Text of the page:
Relationship between exacerbation frequency and quality of life parameters. □: 0–2 exacerbations per year; ░: 3–8 exacerbations per year. SGRQ: St George's Respiratory Questionnaire. *: p<0.05. Reproduced from [37] with permission from the publisher.

In multiple regression analyses, exacerbation frequency was strongly correlated with SGRQ total score and component scores. Miravitlles et al. [6] confirmed the impact of exacerbations on health status. Thus, these studies showed that patients who suffered more exacerbations had significantly worse SGRQ scores compared with infrequent exacerbators, and HRQoL-related questionnaires offer complementary information to lung function and respiratory symptoms to monitor the course of recovery of an exacerbation. The slow recovery of HRQoL after an exacerbation suggests that these patients will not return to their baseline condition and will experience further deterioration of their quality of life over time.

Furthermore, a patient's therapy during the exacerbation may influence outcome. Andersson et al. [47] showed that patients who received long-term oxygen therapy had an improvement of the SGRQ scores by a mean of 14 units after 3 months; in contrast, those who did not receive oxygen showed a change of 9 units.

Unreported exacerbations are common and their long-term impact on HRQoL has been identified. Previous studies have shown that at least half of all COPD exacerbations identified by symptom worsening were not medically reported and therefore left untreated. Seemungal et al. [48] demonstrated that unreported exacerbations had similar characteristics to the reported ones. These exacerbations are associated with worsening symptoms worsening when they remain untreated. The short- and long-term impacts of unreported exacerbations on HRLQ were recently reported by Xu et al. [49]. In a multicentre prospective cohort of 491 COPD patients, these investigators demonstrated that more than one unreported exacerbation was associated with significant worsening of the SGRQ score, and HRQoL at 1 yr after adjusting for known confounders. These data suggest that unreported exacerbations may have important long-term impact on patients, and there is an urgent need to develop tools that emphasise early recognition of exacerbations.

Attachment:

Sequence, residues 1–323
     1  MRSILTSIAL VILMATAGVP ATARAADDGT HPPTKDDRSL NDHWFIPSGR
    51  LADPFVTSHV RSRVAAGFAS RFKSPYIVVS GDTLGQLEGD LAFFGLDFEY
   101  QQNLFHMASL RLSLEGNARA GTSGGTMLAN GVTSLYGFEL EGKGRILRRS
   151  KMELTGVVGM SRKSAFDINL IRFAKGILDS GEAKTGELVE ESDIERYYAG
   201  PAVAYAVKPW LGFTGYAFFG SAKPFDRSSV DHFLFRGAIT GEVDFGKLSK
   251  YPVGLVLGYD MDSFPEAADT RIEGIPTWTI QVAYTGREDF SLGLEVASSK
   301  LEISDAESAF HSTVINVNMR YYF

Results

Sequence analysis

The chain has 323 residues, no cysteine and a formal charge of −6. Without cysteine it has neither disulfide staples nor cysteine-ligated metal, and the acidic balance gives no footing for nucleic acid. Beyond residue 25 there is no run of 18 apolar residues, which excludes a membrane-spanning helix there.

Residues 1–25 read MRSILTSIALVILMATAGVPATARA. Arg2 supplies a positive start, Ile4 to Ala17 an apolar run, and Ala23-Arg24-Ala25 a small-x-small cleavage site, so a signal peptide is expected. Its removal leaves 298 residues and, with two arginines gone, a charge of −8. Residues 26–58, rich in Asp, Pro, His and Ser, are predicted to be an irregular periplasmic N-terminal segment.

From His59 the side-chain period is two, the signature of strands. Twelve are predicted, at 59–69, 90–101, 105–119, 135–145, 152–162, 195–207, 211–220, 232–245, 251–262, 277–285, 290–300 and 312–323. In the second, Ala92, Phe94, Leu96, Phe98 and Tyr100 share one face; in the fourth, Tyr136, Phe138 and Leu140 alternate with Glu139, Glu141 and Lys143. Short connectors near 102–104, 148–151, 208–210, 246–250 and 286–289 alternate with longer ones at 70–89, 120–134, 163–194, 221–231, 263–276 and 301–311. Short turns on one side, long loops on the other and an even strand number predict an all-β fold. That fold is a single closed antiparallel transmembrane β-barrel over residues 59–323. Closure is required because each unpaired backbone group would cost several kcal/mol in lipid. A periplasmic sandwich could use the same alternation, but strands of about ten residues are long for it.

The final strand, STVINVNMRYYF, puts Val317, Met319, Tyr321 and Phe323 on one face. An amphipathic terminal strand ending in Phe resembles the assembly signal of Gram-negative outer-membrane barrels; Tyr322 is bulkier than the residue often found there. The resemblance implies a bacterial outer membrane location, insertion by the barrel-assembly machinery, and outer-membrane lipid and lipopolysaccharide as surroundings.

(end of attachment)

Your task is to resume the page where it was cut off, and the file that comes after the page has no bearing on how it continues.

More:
COPD exacerbations not only impair both the short- and long-term quality of life, but also produce significant reduction in physical activity [50]. In order to understand how exacerbations actual impaired patients, Haughney et al. [51] reported a study that used actual patients' relative value judgment with discrete choice modelling techniques. These investigators demonstrated that exacerbations significant impact daily activities and level of medical care. For patients, the main impact of exacerbation on daily life is being housebound, more so than the actual symptoms. Other studies have also shown that exacerbations will not only impact physical activity but also physiological wellbeing [52]. These and future studies are needed to develop strategies in the prevention and management of COPD.

Loss of skeletal muscle has long been established as a feature of stable COPD. COPD patients have decreased quadriceps strength and fat-free mass [53]. These effects are worse after acute exacerbations. These effects may be more pronounced if we take into consideration that these patients received high doses of corticosteroids during an exacerbation. Further data related to the impact of exacerbation on exercise activity is the work by Donaldson et al. [34]. In a longitudinal study, these investigators quantified time spent outdoors, and found that frequent exacerbators had spent less time. These investigators identified decreased activity a few days prior to exacerbations, which remained decreased for up to 5 weeks. More recent studies have utilised ambulatory activity monitoring. Pitta et al. [54] confirmed prior reports, and also described decreased activity level in patients that have exacerbations compared with those who did not. Furthermore, a decreased activity level 1 month after an exacerbation was associated with increased risk for hospitalisation. Thus, the investigators concluded that exacerbations decreased the overall exercise tolerance. More recently, the effect of exacerbations on the body mass, obstruction, dyspnoea and exercise capacity (BODE) index were reported [55]. The BODE index significantly decreases with an exacerbation and these effects remain over time. Most of the effect is due to significantly decreased exercise tolerance, manifested as decreased distance in 6-min walk test. Thus, exacerbations also impact upon exercise tolerance.


A further consequence of acute exacerbations of COPD is the great economic burden associated with the medical care required for these patients. Exacerbations are the largest direct cost for the treatment of COPD [5, 6, 56, 57]. The major component was hospitalisations, which represented 58% of the total cost, followed by the medication acquisition cost of 32.2% [5].